Each Sunday, just after sunrise, I take a taxi out to Van Hanh Temple in the Phu Nhuan District to attend the morning meditation session.
The neighborhood is non-descript a jumble of clothing shops, food stalls, bicyle repair shops nothing that would indicate this isle of tranquility is nearby.
The temple itself is situated on the grounds of what once was the Vietnam Buddhist University, a complex of dormitories, cafeterias and gardens.
A red gate in the walled compound signifies the entrance. A small courtyard opens into, gardens lined by austere dorms and offices. Religious libraries flank the main hall.
Prior to 1975, the complex has been home to movements against war, poverty and social injustice. Successive governments have had their issues with the temple, but today it is home to research institutes and training centers for monks.
It also provides the general public with an open space for reflection and meditation.
Sites like Dharma Web say that the followers of Thich Nhat Hanh (perhaps one of the best-known Buddhist monks in the West) have their roots here.
Born 85 years ago in Central Vietnam, Hanh studied Zen and Mayana yoga as a monk.
He attended Columbia University, met Dr. Martin Luther King and returned to Vietnam to engage in the peace movement.
Despite Hanh's international significance, the temple was surprisingly devoid of Western visitors, during recent visits.
The main hall is styled after the imperial buildings in Hue, but has been refurbished by gifts from Taiwanese Buddhists.
Shoes line the long steps leading into the massive main hall.
A gigantic white Buddha sits on a lotus flower beckoning visitors to meditation. Light pours in through the windows and open doors. A gentle breeze blows into the room as the city noise subsides.
At seven, the service begins (in Vietnamese).
I cannot follow the lecture, but quietly listen to the soft voice of the abbot. With hand gestures, he seems to beckon his followers to close their eyes, breathe and be mindful at least, I think so.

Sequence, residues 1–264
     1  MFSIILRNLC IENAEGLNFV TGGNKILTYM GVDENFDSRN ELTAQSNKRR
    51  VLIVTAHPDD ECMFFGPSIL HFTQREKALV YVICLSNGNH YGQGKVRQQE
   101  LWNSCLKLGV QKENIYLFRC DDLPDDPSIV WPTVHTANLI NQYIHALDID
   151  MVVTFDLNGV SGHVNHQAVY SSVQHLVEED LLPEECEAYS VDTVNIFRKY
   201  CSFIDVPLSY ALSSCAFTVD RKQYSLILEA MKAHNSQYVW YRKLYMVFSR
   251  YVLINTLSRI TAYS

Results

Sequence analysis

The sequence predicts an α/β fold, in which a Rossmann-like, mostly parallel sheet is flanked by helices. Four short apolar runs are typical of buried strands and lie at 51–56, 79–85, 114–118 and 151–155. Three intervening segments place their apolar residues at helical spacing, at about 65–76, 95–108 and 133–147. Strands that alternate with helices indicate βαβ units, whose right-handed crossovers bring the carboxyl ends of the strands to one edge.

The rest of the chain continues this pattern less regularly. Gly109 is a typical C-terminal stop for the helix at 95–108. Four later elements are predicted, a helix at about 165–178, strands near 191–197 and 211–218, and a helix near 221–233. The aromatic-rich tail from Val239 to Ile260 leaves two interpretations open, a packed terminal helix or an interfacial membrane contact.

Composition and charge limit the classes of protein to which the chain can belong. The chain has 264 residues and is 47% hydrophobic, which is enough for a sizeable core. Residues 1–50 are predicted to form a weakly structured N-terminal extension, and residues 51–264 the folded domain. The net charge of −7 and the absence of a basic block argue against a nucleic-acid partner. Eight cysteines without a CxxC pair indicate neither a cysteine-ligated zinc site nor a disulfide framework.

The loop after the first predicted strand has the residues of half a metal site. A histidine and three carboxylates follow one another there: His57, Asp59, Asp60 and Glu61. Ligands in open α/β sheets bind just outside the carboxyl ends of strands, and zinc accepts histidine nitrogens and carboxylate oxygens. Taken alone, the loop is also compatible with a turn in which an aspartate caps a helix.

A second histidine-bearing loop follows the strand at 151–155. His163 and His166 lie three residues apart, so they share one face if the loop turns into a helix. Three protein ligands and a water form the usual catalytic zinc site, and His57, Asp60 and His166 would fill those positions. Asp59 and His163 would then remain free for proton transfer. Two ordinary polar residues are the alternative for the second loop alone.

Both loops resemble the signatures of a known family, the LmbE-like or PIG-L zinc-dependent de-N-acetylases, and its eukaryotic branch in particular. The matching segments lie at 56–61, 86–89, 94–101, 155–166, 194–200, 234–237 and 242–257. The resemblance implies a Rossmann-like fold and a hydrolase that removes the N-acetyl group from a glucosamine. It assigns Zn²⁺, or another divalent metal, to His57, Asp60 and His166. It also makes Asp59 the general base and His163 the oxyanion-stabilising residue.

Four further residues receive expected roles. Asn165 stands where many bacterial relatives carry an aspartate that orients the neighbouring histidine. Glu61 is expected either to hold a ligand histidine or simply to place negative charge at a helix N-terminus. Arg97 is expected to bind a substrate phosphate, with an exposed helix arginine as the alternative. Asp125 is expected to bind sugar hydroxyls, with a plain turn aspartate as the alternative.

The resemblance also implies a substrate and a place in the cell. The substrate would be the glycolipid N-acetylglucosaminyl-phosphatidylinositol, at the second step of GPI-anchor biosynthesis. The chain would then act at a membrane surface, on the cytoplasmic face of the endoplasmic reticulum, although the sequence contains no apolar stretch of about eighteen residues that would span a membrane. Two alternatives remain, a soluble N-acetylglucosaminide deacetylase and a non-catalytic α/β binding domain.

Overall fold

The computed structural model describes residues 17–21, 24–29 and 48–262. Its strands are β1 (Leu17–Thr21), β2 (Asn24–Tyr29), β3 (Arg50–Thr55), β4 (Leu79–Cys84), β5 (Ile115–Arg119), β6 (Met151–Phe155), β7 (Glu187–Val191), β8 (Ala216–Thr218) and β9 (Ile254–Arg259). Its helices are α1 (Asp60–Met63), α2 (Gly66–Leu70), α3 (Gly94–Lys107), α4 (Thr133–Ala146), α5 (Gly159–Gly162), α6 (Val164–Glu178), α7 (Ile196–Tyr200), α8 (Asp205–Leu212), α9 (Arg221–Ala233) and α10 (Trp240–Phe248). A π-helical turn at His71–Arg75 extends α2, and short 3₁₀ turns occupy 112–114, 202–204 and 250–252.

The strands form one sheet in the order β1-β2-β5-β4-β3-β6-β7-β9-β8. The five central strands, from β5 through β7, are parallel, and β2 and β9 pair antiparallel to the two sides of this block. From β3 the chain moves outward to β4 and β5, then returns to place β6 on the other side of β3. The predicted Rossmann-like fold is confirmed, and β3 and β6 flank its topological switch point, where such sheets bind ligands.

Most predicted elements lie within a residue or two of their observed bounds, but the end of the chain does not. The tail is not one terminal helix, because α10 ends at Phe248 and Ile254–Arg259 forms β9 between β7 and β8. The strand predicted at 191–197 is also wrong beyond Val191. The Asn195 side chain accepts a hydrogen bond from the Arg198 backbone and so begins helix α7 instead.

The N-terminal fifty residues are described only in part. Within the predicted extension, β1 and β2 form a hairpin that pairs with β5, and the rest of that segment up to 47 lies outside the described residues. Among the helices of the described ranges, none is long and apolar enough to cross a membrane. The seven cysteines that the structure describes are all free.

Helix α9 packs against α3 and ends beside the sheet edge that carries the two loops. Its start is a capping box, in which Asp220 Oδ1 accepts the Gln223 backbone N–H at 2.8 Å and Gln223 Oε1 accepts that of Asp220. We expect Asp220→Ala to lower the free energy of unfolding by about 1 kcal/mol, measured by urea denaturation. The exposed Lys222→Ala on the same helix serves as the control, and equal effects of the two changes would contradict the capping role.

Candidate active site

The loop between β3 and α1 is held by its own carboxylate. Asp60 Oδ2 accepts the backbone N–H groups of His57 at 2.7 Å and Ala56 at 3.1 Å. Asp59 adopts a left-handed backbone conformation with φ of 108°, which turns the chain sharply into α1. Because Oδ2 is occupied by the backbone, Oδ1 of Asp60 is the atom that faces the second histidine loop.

Following the service, the half-hour meditation session begins.
I struggle to get my 6-foot plus Western form into position as everyone around me, effortly settles into form. Time is suspended as several worshippers breath in and out in total silence.
I end up retreating to a chair and space out for the remainder of the session.
When it's all over, the group awakes rubs their faces, arms, legs and stretches their bodies.
As I recover my shoes, a student approaches me and invites me to speak to the abbot.
The pair lead me into the dining hall and we sit across from one another. The abbott exudes a radiant glow as he recalls his visits to US monasteries in perfect English.
I learn more, in the ensuing hour, about meditation than I have in decades of reading and occasional practice.
He assures me that Buddhism is not about a particular seated position or ridding your mind of thoughts. Thoughts come and they go do not dwell on them, he says.
One can meditate while walking or eating. One can meditate while at rest or in just about any location or situation.
"Count your breath" he says "one in, two out, up to ten. Do not labor at it. It does not need to go deep unless it naturally goes deep. Let the thoughts come and let them go."
He invites me to return to the great hall and return to my chair. With my feet well-planted on the ground, my back more erect and my newfound awareness, I return to meditation.
I emerge more at peace, as if waking from a comfortable, eight-hour snooze the perfect start to my Sunday in Saigon.